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Should I Consolidate Miles in a Troubled Airline’s Program?

SmarterTravel

Dear Tim,

I am concerned about the consolidation theory you espouse due to the financial instability of some of the airlines.

I am entitled to about 300,000 miles from my divorce. While at the time my ex-husband had 100,000 miles on United and about 200,000 on Delta, he spent all the United miles. He now has Delta and a fair amount of American.

I would be hesitant to follow your policy of putting all eggs in one basket, take all the miles on Delta, and have Delta go under. What’s the safest and most conservative way to request the miles?

Nancy

Dear Nancy,

There is indeed a potential disconnect between mileage consolidation and mileage protection.

In untroubled times and when dealing with airlines with good long-term survival prospects, consolidating one’s mileage earning in a single program remains the best way to reach award thresholds and to earn elite status. Or to put the matter differently, miles scattered among a multitude of programs probably won’t add up to meaningful awards in any single program.

On the other hand, investing your patronage exclusively in a company that may not be in business long enough to reward your loyalty is clearly not a winning strategy. Or, at best, it’s a highly risky one.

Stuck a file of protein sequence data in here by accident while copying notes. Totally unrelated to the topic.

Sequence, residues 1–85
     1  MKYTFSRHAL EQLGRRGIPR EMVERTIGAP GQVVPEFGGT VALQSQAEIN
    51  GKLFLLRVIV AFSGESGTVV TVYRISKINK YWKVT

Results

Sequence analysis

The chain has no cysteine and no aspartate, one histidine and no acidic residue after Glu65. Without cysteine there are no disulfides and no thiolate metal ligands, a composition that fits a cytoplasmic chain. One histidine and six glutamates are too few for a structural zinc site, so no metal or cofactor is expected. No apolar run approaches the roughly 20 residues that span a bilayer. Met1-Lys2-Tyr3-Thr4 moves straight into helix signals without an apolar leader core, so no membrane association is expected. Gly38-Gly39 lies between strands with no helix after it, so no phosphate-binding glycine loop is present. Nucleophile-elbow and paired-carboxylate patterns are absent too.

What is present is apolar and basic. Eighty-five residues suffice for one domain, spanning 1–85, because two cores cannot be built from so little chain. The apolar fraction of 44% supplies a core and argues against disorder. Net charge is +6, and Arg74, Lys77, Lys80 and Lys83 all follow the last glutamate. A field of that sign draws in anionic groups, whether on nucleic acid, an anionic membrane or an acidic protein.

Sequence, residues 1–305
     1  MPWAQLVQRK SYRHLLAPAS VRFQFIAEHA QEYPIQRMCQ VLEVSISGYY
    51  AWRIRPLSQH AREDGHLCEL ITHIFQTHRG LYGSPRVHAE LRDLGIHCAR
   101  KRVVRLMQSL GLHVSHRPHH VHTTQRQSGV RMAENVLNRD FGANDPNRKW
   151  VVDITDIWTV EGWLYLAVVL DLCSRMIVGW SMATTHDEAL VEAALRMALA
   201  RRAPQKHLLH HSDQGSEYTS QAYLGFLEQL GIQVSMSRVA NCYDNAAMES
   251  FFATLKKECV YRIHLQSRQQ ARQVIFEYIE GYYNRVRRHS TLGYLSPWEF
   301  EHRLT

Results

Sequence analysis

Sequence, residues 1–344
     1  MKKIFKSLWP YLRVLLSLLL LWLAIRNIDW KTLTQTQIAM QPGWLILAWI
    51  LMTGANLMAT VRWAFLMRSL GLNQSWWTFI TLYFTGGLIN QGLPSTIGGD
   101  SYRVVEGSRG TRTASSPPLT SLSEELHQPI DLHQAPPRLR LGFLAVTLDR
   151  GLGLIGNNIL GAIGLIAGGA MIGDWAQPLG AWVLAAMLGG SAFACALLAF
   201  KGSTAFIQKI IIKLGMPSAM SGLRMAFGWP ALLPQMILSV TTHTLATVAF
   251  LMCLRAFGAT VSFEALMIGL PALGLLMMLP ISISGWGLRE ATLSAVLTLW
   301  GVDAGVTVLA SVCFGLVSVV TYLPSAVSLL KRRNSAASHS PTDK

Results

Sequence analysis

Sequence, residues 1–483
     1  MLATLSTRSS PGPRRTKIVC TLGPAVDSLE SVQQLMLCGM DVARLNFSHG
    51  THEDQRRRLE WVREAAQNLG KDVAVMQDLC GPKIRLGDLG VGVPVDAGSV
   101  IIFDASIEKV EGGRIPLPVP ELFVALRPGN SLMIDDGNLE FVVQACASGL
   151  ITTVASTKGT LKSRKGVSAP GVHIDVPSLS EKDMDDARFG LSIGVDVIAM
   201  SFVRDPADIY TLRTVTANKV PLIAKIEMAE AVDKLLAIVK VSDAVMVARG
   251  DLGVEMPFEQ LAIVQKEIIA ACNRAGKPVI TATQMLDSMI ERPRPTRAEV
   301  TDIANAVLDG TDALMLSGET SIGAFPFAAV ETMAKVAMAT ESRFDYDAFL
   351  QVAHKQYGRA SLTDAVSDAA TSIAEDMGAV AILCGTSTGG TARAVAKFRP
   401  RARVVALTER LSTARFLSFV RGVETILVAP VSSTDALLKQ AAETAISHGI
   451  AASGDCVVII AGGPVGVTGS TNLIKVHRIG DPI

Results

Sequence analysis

In this case, the miles have already been earned, so the question of elite status doesn’t arise. The challenge is divvying up the miles between two carriers—one of which, American, is in significantly better shape than the other, Delta.

With that in mind, and given that there aren’t enough American miles in your ex-husband’s account to cover the entire 300,000 miles you’re entitled to, I would suggest you proceed as follows:

  • First, request the greatest number of American miles that the account can accommodate and that is divisible by 25,000. So, if the American account balance is 142,000 miles, ask for 125,000 miles. That way, you’ll be receiving exactly five restricted domestic coach round-trip award tickets, with no extraneous miles left over.
  • Second, subtract the number of American miles you’re requesting from the 300,000 miles to which you’re entitled. That number will be the number of miles you’ll request from the Delta account. So, if you request 125,000 American miles, that leaves 175,000 Delta miles, enough for seven domestic round-trips.
  • Finally, make it a point to redeem the Delta miles before the American miles. Delta is in more danger of insolvency than American, so using those miles sooner rather than later will reduce your risk of losing them.

Because it will probably take several years to use the awards, I would also strongly recommend keeping current with developments in the airline industry. While American is relatively healthy and Delta is financially challenged, their conditions could deteriorate or improve very quickly, requiring a timely adjustment in your redemption strategy. If, for example, Delta’s prospects improved, there would no longer be a compelling reason to spend the Delta miles first. And if American’s situation worsened, it might make sense to alternate award travel more or less equally between the two programs.

Enjoy the award trips.

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